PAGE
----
Last Holiday

[3.0 stars] Last Holiday (1950) on IMDb [Amazon]

A oldie from 1950 that sat in my Netflix queue for a long time. Very British, very dark comedy.

Alec Guinness plays George Bird, a lonely loser who sells farm machinery. A spot of indigestion takes him to the doctor, who x-rays him and diagnoses Lampington's Disease, invariably fatal. Although he feels fine, the doc assures him that's the way with Lampington's: you feel just fine until you slip into irreversible coma and death.

George decides to cash out his life insurance and savings and live it up at a posh hotel. There he becomes acquainted with both the hotel staff and its upperclass guests. To George's consternation, his life actually starts getting interesting, with professional and romantic opportunities. But—oh oh, omens—a mirror breaks, the ace of spades keeps turning up,…I may have missed a black cat or two.

I did mention this was a dark comedy, right?

The credits show "David McCallum" in a bit part as a violinist. Could it have been Ilya Kuryakin/Ducky Mallard in a movie so old? A quick trip to IMDB says: nope, that was David McCallum, Senior in the role. And he was more than qualified to play the violinist: back in the day, among other things, he was Concertmaster violinist for the Royal Philharmonic Orchestra.

Last Modified 2012-09-21 10:17 AM EST

A Cool Breeze on the Underground

[Amazon Link] Hey, check out the cover! Unusually sordid, even by my standards.

OK, so I didn't like Don Winslow's recent novel Savages very much, but as fate (implemented by the Perl script that picks books out of my to-be-read pile) would have it, this book de-soured me on Winslow for now. It's Winslow's first novel, published back in 1991; it's also part of a series featuring the character of Neal Carey, sort of a private investigator.

Neal has an unconventional background: raised fatherless by his junkie prostitute mother, he's relatively feral until he rips off the wrong guy: Joe Graham, a one-armed, height-challenged PI. Joe becomes young Neal's mentor, schooling him in the ways of shadowing, searching, creeping, and research. But Neal also has his own interest in classic British Literature, and (as the book opens) is also a graduate student working on his degree.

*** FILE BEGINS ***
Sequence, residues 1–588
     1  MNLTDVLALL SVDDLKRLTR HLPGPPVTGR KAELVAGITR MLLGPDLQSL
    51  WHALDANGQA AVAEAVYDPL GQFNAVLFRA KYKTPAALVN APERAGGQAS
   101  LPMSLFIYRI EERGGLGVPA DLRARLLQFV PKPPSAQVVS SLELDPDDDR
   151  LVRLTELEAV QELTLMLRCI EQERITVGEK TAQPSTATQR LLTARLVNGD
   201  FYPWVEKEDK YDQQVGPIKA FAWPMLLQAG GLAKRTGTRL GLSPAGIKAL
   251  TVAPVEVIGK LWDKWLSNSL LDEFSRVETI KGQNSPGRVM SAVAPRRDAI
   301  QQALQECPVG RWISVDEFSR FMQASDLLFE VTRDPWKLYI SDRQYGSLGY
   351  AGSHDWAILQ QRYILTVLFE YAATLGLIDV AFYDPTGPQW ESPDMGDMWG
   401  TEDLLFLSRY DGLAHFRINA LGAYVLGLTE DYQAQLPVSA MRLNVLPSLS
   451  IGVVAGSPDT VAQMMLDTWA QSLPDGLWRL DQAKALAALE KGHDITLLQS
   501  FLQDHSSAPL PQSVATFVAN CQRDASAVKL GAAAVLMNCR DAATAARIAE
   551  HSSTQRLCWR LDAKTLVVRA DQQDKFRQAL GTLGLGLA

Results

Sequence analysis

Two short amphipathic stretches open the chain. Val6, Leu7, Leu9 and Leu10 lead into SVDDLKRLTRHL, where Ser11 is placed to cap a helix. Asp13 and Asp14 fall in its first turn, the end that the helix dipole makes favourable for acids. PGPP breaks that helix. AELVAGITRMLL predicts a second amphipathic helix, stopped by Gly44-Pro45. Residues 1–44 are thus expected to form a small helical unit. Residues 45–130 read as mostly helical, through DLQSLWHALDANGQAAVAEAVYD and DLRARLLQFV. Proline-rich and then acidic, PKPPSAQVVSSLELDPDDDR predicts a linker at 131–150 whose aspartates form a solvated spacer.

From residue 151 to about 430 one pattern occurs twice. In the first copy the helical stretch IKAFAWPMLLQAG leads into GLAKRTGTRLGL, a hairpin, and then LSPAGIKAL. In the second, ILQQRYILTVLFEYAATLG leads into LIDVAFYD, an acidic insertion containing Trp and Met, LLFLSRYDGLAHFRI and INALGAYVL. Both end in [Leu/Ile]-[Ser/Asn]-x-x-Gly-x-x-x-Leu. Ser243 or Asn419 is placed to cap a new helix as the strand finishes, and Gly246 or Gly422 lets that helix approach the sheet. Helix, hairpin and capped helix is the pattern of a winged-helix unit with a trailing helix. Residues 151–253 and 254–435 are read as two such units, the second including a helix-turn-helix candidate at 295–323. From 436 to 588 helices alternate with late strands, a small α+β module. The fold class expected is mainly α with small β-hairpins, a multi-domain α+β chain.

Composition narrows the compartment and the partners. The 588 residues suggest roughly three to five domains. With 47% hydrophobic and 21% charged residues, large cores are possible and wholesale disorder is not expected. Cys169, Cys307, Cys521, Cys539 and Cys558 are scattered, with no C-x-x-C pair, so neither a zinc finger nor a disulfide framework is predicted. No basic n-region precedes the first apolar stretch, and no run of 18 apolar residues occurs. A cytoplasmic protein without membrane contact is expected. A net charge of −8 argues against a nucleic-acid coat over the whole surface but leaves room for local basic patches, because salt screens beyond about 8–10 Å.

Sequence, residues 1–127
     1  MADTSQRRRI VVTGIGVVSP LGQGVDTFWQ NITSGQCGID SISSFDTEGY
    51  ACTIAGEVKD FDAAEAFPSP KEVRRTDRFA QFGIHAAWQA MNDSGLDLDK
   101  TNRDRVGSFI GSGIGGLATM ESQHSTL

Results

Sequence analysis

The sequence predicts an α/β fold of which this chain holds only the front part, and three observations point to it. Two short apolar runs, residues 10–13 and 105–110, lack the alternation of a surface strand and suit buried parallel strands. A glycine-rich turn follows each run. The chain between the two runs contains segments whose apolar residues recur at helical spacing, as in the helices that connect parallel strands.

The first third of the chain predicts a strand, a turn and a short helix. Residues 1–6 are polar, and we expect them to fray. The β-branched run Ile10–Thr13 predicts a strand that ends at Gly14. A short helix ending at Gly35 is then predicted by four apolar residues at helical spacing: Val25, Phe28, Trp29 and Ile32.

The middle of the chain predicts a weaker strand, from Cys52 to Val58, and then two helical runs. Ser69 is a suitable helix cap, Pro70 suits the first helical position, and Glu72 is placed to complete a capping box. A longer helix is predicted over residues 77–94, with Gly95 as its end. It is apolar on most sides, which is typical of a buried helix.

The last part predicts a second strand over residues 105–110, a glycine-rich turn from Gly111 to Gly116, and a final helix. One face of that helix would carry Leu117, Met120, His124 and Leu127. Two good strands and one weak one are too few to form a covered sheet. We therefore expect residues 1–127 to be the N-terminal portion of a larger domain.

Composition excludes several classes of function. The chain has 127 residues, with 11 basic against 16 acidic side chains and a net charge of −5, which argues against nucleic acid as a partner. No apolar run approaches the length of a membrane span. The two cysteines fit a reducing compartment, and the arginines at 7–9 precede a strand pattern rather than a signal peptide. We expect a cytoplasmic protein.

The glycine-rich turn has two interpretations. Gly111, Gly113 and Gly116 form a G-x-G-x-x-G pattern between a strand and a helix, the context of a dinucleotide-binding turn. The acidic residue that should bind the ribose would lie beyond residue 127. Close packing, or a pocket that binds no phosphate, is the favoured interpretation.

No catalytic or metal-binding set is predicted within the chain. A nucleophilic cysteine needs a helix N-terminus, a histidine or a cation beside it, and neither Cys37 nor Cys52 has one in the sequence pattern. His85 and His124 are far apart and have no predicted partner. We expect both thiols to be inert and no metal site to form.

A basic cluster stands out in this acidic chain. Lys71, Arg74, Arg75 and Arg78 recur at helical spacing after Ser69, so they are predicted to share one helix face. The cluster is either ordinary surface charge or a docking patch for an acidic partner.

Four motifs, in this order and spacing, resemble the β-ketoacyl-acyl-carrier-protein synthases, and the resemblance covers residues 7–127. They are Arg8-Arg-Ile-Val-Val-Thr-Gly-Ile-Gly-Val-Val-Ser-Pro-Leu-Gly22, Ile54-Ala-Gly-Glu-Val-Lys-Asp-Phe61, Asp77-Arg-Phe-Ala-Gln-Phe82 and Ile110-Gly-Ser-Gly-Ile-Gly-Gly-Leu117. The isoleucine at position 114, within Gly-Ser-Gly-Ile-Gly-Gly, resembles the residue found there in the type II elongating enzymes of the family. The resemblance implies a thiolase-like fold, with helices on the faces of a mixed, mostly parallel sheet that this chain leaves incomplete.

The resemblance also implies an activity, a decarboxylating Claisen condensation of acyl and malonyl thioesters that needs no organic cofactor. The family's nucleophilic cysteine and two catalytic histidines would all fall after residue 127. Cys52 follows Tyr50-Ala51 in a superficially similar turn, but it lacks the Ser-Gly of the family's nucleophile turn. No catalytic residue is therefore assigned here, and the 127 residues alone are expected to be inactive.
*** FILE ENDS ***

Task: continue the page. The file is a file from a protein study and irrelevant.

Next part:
Joe and Neal are provided their assignments by "Friends of the Family", an organization run as a sideline to a Rhode Island bank. It is dedicated to pulling the chestnuts of its ultrarich clientele out of various fires. In this case, Allie, the wayward daughter of Senator Chase, a prospective Vice-Presidential candidate, has gone missing. Allie is in her late teens, and already has a long history with promiscuous sex, booze, and drugs. Neal is tasked with finding her, and getting her presentable enough to appear as part of the smiling happy family at the upcoming convention.

This takes Neal to London, where (as it turns out) Allie has fallen in with an unusually bad crowd. As the cover implies, it's all quite sordid. But definitely readable.

Consumer note: as I type, Amazon only has the Kindle version for a reasonable price. Which is what I read; unfortunately, it's shot through with what appear to me to be typos, errors in capitalization, and missing/extra/wrong punctuation. But it's cheap!

Last Modified 2012-09-21 10:21 AM EST

The Phony Campaign

2012-07-29 Update

[phony baloney]

Another week of nothing much to see here:

Query String Hit Count Change Since
"Barack Obama" phony 22,800,000 +600,000
"Mitt Romney" phony 1,190,000 +100,000
"Gary Johnson" phony 462,000 +50,000